LETTER: Laundry move doesn’t add up

Reader says laundry privatization will export jobs.

Re: Interior Health closer to privatizing laundry services in Nelson

As alternate director for RDCK Area E I toured Kootenay Lake Hospital Feb. 25 before the West Kootenay-Boundary Regional District Hospital Board meeting.

A plant supervisor took us through the laundry. He told us the equipment was good for another 11 years. Yet the IHA’s press release quoted in the Feb. 13 Nelson Star said privatizing would “avoid significant capital costs associated with replacing industrial laundry equipment.”

These two statements clearly don’t jibe. Interior Health (along with Vancouver’s Coastal Health) wants to contract out all its 15 regional laundries to a single corporation, so it appears that Kootenay Lake Hospital’s laundry is being sacrificed because some bigger Interior Health laundry needs new equipment the health authority has not budgeted for.

Interior Health has confirmed no business in the BC interior is capable of handling this amount of hospital laundry, so the contract will go to the Lower Mainland, exporting over a hundred jobs out of our rural area. In addition to more trucks and drivers, this will cost the contractor more gas and cause both more road repairs and more pollution and global warming. How can this save us money?

Private companies pay higher insurance costs and higher interest rates on borrowed funds than government entities. In addition they need to make a profit. How can this save taxpayers’ money?

The only answer I see is to pay the workers less, and perhaps have fewer workers. This usually leads to high turnover, which means fewer trained workers. Infection control in hospitals is a very serious business. Laundries are one of the keys. Are we risking our residents’ health by implementing this contracting out?

Pegasis McGauley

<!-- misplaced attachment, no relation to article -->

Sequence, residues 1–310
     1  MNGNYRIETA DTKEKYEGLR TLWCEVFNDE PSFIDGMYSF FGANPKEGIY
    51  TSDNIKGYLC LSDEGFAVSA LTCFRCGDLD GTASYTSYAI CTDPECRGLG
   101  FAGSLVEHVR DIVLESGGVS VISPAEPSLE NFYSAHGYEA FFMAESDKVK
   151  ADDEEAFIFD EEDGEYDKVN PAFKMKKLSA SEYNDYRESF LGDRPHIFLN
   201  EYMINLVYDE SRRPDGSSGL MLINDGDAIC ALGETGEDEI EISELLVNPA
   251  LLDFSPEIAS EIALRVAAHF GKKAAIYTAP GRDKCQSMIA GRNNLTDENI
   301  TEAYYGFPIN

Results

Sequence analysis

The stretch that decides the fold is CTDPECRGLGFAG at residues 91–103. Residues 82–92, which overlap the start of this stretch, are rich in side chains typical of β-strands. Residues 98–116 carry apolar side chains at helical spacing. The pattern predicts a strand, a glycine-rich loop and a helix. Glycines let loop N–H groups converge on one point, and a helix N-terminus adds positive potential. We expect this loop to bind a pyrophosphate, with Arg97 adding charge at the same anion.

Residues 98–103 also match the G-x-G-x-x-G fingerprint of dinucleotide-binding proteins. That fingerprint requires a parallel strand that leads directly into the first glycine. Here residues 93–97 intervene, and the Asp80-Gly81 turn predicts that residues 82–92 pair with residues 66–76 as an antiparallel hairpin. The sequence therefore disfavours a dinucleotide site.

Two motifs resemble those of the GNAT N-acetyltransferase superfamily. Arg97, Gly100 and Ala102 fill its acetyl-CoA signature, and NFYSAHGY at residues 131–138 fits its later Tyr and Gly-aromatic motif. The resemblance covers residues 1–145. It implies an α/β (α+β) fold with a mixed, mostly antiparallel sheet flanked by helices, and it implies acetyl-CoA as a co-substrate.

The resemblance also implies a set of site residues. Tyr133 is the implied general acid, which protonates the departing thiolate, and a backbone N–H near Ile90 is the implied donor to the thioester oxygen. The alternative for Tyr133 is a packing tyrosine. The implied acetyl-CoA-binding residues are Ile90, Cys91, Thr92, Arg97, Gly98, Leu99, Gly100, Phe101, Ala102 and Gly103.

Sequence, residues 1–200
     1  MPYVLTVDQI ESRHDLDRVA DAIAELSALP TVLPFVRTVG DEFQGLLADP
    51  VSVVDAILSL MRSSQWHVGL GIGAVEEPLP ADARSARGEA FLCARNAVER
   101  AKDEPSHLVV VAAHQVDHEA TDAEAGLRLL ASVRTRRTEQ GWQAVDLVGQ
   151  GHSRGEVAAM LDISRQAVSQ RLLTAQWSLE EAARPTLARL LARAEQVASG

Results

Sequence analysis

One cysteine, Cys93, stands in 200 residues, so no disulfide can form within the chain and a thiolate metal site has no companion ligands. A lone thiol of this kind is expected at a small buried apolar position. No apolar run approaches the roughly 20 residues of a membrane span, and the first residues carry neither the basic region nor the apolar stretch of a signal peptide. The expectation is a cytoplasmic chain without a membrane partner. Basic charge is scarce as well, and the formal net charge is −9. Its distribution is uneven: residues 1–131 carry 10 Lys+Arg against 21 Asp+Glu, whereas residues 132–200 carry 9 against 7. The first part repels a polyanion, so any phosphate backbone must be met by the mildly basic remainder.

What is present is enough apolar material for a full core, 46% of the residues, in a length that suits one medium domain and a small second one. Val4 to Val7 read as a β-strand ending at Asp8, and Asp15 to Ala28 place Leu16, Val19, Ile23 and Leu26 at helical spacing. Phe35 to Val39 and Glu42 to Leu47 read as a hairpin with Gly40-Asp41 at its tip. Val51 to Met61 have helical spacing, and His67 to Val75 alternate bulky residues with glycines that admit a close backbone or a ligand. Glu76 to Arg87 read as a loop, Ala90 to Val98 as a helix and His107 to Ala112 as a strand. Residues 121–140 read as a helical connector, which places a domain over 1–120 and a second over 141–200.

Just Posted

Pacific Insight to close in April

The remaining employees at the Nelson automotive manufacturing facility to be laid off

Free naloxone kits, training offered in Nelson

The sessions run Jan. 17 and 24, 1 p.m. at the Salvation Army

Nominations open for Nelson’s Citizen of the Year

Recent winners include Kim Charlesworth and Helen Jameson

Nelson Hydro to increase urban rates 1.5 per cent, rural 2.94 per cent

Much of the increase will go to vegetation management

Leafs add 2 players at KIJHL trade deadline

Nelson also traded defenceman Tyson Soobotin to Castlegar

B.C. storm totals $37M in insured damages

The December storm wreaked havoc on B.C.’s south coast

Study finds more than half of food produced in Canada wasted

The study released Thursday is the world’s first to measure food waste using data from industry and other sources instead of estimates

Snowed-in Austrian nuns insist they’re staying put

Authorities have deployed heavy equipment to clear snow and fallen trees blocking the road to the monastery

Chiasson nets shootout winner as Oilers edge Canucks 3-2

Edmonton moves one point ahead of Vancouver

B.C. chief says they didn’t give up rights for gas pipeline to be built

Hereditary chief: no elected band council or Crown authority has jurisdiction over Wet’suwet’en land

Condo rental bans may be on way out with B.C. empty home tax

Many exemptions to tax, but annual declarations required

UPDATE: B.C. boy, aunt missing for three days

The pair are missing from Kamloops

Daredevil changes game plan to jump broken White Rock pier

Brooke Colby tells council daredevil event would help boost waterfront business

Most Read